Something about the two boys on the sidewalk outside my house seemed odd. They walked slowly, shoulder to shoulder, like Tweedle Dee and Tweedle Dum on downers. Same height, same build, brothers maybe, perhaps twins, they stared at my house as they passed. I stood in the middle of the front room, watching them. I thought maybe my cat was outside and they might do her harm. Ready to react, I moved closer to the door. Maybe 12 or 13-years-old, they were husky lads with blank expressions. They moved past my house, gazing to their right at my neighbor’s house with the rock yard. They stopped. My cat often perches on the neighbor’s rocks or porch. I was ready to save her should these boys decide to attack.
They turned, still connected at the shoulder, and faced the house next door. An image of The Shiningtwins flashed through my mind. Their lips moved and their heads came together in a quick conversation before one bent forward to grab a rock. I reached for my doorknob, then the boy straightened and dropped the rock. They conversed again and looked around to see if anyone was watching. Then the same boy bent forward, grabbed the neighbor’s “Do Not Solicit” sign, ripped it out of the ground and threw it on the rocks. They looked around again and turned to leave. That’s when I threw open my front door and stepped out.
“Hey!” I yelled. “What are you doing?”
They didn’t flinch or run. They turned in unison to face me, silent. I stayed on my porch near the door in case they bared fangs and decided to fly at me.
“Why did you rip that sign out?”
The boy who had done the damage stepped forward. “It didn’t make sense.” Ah, a learning moment. My teaching instincts kicked in.
“Read it,” I commanded. The kid picked up the sign and read slowly.
“No the Moneysaver, no the Market.”
The boy wasn’t wrong. To someone unfamiliar with those free publication, the wording wouldn’t make sense. Maybe the kid was a budding English major.
“That means he doesn’t want anyone to throw those papers on his property.” I didn’t go into great detail about how the papers litter many a yard and sidewalk in the neighborhood, or the fact that the publishers waste trees at an abominable rate. I did continue to chastise.
“Don’t damage people’s property. Put that sign back.”
The kid picked up the sign and stuck it back in the ground as the other boy stood by and watched, hands by his sides. The young vandal then stood and looked at me, waiting for instruction.
I shooed them away. “Go on,” I said. He turned and faced his partner in crime and the other boy whacked him hard on the shoulder.
“You’re weak. I’m strong,” the other kid said.
All I could think was, “The Children of the Cornare on the sidewalk outside my house.” What was going on? Were they daring each other to commit atrocities for some sort of power ranking?
The two boys took turns swatting at each other and arguing over who was weak or strong as they ambled to the end of the sidewalk. I stared in utter bewilderment as they mumbled to each other, shoulder to shoulder, then crossed the street at a kitty corner to traipse across someone’s yard. Looking around, I saw no one outside in the neighborhood. There were no onlookers to witness this uncanny valley in which I found myself. Surely, this was a scene from the Twilight Zone.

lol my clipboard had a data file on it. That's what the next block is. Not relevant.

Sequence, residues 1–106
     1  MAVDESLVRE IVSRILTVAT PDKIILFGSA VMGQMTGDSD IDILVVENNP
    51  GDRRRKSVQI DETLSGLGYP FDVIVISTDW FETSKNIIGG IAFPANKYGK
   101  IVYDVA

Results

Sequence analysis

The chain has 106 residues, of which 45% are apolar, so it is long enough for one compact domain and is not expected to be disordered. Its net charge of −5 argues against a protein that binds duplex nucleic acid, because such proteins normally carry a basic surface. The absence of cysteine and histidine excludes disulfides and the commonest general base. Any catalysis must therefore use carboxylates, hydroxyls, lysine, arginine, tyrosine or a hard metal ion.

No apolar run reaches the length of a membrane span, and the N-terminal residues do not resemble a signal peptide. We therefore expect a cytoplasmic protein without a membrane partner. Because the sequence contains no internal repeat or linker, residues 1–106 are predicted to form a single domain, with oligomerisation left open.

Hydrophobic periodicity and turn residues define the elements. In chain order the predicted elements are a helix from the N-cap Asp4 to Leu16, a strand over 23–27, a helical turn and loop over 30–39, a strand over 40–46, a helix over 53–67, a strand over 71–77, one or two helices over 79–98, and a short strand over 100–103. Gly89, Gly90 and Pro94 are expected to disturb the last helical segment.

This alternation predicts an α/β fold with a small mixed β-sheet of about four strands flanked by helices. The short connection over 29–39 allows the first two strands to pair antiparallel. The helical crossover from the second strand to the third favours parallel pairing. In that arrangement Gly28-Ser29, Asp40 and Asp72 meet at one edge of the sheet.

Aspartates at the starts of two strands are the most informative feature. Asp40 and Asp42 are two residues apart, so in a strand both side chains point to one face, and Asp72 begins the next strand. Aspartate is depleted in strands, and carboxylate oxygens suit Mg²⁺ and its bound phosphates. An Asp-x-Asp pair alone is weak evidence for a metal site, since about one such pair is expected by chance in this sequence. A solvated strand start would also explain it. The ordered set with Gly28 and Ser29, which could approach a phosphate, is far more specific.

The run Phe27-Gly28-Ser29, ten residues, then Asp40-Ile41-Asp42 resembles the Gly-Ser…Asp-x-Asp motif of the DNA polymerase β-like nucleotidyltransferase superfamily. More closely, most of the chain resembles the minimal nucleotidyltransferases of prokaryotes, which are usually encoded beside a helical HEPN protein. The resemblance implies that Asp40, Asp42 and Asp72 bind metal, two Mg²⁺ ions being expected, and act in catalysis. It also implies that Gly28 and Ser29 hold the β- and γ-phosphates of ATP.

I finally re-entered my house, locking the door behind me. I kept the blinds open the rest of night, continuously checking to see if the Tweedle-Dees-and-Dums-from-hell had returned to kill me or at least throw a rock through my window.
With the exception of my son and my adorable nieces and nephews, I’m not fond of children. Surprisingly, they seem to like me. It could be karma, or maybe it’s because I don’t talk down to them. Kids have a way of knowing and sensing things much more quickly than we adults give them credit for. And babies are the scariest. Whenever I make eye contact with a baby, I have this feeling they can see into my soul. In my head, I can hear them say, “I know your secrets.”
Yes, babies frighten as much as fascinate me. All kids do. Earlier the same day as my close encounter, I had spoken with a friend who is an Occupational Therapist. She’d had a rough day and was lamenting about working with her pediatric patients; they were the hardest part of her job.
“Their behaviors are scary,” she said, drawing out the scaaaaarrrrryyyy. Just that morning a five-year-old had told her he wanted to shoot her. My mouth dropped hearing this. What kind of kid says something like that? Well, any kid who plays video games, watches the news or gets on social media is likely to hear about or see someone shooting or being shot by someone else on a daily basis. So how do we as adults, role models, parents, leaders and teachers begin to talk to children about right and wrong, good and bad, truth and lies?
Everyone has an opinion on parenting. There’s good parenting, bad parenting, no parenting, and everything in between. Even the best parent can end up with a serial killer in the family, and serial killers can end up spawning future humanitarians. So, is it just a roll of the dice as to how our progeny will end up behaving? Maybe. But we can still teach, model, and inspire good behaviors. We must. The survival of our species depends on it.
I hope the Twins of the Corn mosey by again. When they do, I’ll stop them, introduce myself and ask their names. I’ll start a conversation with them to get a sense of who they are and what they like to do, when they aren’t destroying cryptic lawn signs. Maybe I’ll give them a few ideas about how they can become model citizens when they grow up. Then I’ll bid them good day, enter my house, lock my door, remove my Kevlar vest, and relax.